Role strain and ease in decision-making to withdraw or withhold life support for elderly relatives

Lissi Hansen, Patricia G. Archbold, Barbara J. Stewart

Research output: Contribution to journalArticle

23 Scopus citations

Abstract

Purpose: To describe the concepts of role strain and role satisfaction (renamed ease in decision-making following analysis) experienced by family caregivers when making decisions to withdraw or withhold life support for elderly relatives in a variety of settings. Methods: Semi-structured interviews were conducted with 17 family caregivers to obtain descriptions of their experiences when making decisions about life support for elderly relatives. Content analysis was used to analyze the data. Findings: Role strain was complex, dynamic, and multidimensional, and it evolved over time before, during, and after decision making about life support. Role satisfaction, the concept name used at the beginning of the study, did not match descriptions or the experience of family caregivers, and a revised name, ease in decision-making, was selected. Conclusions: The concepts of role strain and ease in decision-making have not previously been used in studies of decisions about life support. Both role strain and ease in decision-making augment the existing literature on role strain in family care by providing a more complete picture of caregivers' responses during their experience of making life-support decisions. Research focused on the measurement of strain and ease in decision-making is needed to understand their interrelationship as well as their association with such variables as caregiver grief and health.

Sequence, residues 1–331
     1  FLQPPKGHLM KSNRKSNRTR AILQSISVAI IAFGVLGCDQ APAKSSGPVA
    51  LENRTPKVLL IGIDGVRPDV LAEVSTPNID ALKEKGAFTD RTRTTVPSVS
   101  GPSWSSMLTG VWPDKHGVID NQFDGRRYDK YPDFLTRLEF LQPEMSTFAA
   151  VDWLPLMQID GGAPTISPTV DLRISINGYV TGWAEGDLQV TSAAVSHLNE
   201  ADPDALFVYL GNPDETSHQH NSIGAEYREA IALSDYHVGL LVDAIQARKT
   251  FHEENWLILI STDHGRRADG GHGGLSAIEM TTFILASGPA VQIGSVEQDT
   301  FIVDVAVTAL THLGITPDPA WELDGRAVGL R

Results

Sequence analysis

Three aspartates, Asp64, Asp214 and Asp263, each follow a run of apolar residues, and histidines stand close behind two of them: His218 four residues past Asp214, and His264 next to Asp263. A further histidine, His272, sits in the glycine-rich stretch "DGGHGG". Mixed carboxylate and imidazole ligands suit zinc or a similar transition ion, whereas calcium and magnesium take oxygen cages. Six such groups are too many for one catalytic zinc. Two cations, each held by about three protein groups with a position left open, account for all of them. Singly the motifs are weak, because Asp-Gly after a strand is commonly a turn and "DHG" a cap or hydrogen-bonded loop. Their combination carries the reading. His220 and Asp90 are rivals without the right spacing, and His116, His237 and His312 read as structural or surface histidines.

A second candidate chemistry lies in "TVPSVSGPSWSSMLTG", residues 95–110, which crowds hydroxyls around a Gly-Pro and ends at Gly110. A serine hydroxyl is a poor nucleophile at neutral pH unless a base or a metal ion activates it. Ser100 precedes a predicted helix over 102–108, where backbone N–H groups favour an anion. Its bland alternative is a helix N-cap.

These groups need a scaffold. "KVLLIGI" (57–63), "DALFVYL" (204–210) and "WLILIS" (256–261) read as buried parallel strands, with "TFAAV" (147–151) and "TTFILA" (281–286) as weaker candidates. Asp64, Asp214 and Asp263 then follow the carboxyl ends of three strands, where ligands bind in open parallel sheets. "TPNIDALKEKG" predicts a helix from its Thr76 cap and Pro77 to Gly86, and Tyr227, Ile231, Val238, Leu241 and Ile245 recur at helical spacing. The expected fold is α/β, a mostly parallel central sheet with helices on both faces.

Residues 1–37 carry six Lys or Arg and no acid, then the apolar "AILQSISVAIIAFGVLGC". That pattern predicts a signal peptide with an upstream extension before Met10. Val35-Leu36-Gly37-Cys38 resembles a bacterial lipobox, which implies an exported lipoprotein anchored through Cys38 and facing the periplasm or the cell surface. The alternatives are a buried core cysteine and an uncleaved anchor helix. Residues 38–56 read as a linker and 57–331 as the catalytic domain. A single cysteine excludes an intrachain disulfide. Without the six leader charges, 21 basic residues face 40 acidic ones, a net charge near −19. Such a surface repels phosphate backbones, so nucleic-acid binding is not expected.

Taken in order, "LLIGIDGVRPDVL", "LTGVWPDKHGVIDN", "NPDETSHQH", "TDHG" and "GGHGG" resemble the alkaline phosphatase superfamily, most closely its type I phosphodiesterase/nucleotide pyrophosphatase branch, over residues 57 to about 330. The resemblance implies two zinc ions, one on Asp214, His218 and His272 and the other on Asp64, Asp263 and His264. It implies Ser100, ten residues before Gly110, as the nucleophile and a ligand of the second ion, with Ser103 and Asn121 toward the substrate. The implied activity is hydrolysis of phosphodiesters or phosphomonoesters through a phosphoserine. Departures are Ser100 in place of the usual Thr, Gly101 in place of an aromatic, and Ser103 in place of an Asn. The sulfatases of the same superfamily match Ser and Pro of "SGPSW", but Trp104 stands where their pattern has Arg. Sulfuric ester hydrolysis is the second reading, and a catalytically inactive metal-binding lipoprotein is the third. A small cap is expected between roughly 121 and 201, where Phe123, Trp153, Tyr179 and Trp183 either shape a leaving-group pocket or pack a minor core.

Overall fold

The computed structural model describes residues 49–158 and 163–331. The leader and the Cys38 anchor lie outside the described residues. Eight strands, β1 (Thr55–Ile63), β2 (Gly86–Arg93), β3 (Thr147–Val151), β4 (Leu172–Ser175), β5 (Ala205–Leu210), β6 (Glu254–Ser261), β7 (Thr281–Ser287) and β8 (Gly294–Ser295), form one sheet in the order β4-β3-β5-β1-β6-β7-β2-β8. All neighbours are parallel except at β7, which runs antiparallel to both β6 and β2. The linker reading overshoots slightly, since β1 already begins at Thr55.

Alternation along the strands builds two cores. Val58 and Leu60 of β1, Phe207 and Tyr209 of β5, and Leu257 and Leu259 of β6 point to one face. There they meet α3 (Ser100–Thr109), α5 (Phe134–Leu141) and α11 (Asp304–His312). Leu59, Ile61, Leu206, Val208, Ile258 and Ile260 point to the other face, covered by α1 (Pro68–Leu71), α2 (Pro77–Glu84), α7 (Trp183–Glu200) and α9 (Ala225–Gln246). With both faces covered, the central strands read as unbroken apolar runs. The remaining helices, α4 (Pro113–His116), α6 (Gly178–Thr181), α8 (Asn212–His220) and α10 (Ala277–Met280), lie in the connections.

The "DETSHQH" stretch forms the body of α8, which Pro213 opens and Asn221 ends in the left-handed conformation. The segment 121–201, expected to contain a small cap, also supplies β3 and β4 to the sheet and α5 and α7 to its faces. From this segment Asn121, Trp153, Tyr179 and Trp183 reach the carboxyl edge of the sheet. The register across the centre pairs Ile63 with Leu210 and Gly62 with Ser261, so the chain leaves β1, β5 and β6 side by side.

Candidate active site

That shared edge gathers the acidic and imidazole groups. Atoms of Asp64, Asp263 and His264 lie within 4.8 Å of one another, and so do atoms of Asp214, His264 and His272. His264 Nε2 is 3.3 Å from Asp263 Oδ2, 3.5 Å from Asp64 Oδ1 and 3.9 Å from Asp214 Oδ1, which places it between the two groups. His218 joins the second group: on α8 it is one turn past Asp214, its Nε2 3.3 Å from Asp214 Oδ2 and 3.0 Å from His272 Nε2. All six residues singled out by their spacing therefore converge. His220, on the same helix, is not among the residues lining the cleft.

Original languageEnglish (US)
Pages (from-to)233-238
Number of pages6
JournalJournal of Nursing Scholarship
Volume36
Issue number3
DOIs
StatePublished - Dec 1 2004

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Keywords

  • Decision-making
  • Family caregiver
  • Life support
  • Role satisfaction
  • Role strain

ASJC Scopus subject areas

  • Nursing(all)

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